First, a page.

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Chapter 3: A Guided Tour through C#: Part I

You will learn about the following in this chapter:

  • The advantages of applying two important OOP concepts—abstraction and encapsulation

  • Why the C# keywords public and private play an important role in implementing encapsulation

  • The basic C# elements needed to write simple C# applications

  • How to write a user interactive application using simple keyboard input and screen output

  • Single line comments and why comments are important in your source code

  • The special meaning of keywords

  • How to define the beginning and the end of a class and method body by using C#'s block construct

  • How to use C#'s if statement to make your program respond in different ways to different user input

  • The string class and its ability to let your programs store and process text

  • The special role played by the Main method

  • The static keyword and why Main must always be declared public and static

  • How to use variables

  • How to call a method and thereby use its functionality

  • Several useful classes from the .NET Framework class libraries and how to reuse these in the C# source code

  • Statements in C#—the declaration, assignment, method call, and if statements

  • General C# concepts based on the knowledge gained from the C# source code example

  • How to access and use the .NET Framework Documentation so you can explore and reuse the .NET Framework's comprehensive collection of classes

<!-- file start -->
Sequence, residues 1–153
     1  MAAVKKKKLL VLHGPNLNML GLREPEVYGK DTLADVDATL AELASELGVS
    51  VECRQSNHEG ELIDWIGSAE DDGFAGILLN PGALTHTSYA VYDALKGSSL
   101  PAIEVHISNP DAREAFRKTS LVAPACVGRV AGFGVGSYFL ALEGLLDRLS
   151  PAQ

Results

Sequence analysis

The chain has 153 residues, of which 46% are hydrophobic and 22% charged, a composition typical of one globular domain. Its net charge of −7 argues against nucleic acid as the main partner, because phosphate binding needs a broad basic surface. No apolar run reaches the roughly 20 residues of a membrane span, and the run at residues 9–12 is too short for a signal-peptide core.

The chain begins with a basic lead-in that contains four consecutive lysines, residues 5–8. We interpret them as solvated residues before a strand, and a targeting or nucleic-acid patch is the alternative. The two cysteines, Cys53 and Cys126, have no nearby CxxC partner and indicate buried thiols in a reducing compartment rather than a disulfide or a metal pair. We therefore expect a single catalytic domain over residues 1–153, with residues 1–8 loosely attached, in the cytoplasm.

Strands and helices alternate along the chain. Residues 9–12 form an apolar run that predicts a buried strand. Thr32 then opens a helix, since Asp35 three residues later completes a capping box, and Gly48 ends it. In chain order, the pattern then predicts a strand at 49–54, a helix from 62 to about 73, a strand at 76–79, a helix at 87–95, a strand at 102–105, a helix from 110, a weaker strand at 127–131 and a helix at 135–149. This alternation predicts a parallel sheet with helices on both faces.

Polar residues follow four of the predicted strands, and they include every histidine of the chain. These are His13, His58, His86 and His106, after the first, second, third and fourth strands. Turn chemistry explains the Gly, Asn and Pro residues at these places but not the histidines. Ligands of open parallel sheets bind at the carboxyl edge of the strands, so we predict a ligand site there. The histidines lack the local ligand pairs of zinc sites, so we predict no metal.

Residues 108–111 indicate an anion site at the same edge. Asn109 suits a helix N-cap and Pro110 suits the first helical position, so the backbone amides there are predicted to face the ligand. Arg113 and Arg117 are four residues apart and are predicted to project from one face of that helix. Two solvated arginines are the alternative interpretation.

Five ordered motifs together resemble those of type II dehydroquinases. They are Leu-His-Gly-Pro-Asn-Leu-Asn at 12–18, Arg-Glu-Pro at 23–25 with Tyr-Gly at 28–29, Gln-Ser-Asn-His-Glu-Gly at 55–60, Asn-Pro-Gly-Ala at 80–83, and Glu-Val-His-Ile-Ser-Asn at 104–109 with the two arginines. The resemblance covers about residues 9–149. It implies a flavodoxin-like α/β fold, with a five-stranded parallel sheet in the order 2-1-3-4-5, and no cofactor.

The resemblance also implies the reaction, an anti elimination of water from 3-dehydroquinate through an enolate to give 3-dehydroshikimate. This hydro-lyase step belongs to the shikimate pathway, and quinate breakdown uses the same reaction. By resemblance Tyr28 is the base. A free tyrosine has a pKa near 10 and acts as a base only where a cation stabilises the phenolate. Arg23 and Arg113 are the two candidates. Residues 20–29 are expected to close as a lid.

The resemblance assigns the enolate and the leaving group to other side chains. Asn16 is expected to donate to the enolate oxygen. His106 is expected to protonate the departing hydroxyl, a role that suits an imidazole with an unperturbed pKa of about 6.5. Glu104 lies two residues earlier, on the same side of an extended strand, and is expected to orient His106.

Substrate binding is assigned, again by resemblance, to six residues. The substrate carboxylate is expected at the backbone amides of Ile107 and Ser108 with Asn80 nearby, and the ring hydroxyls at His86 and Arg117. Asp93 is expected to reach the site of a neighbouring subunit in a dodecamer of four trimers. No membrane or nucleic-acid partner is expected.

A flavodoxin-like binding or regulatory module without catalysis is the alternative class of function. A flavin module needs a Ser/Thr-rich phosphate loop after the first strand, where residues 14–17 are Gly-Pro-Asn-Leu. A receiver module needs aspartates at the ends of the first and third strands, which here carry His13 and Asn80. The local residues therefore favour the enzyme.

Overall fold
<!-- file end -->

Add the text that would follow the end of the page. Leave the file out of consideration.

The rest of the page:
Each language construct of a C# program does not exist in isolation. It has its own vital part to play but is also closely interrelated with other elements. This makes it difficult to look at any one aspect of C# without requiring the knowledge of others. Due to this circular dependence among the elements of C#, this chapter, along with Chapter 4, "A Guided Tour Through C#: Part II," and Chapter 5, "Your First Object-Oriented C# Program," presents an overview of several important features, to give you an introductory feel for the language.

The presentation is facilitated by C# source code examples containing several essential elements of C#. Each element will be presented, discussed, and related to other parts of the C# program in a practically related fashion. This will enable you to start writing your own programs during this chapter. I hope you will grab this opportunity to play with and explore C#. Some of the most important parts of this and the following two chapters are the programming exercises at the end of each chapter. You don't become a proficient C# programmer just by learning lots of definitions by heart but by doing and unleashing your creativity. So have a go at these exercises and use your imagination to come up with other ideas of how to improve the programs or, even better, create your own programs.

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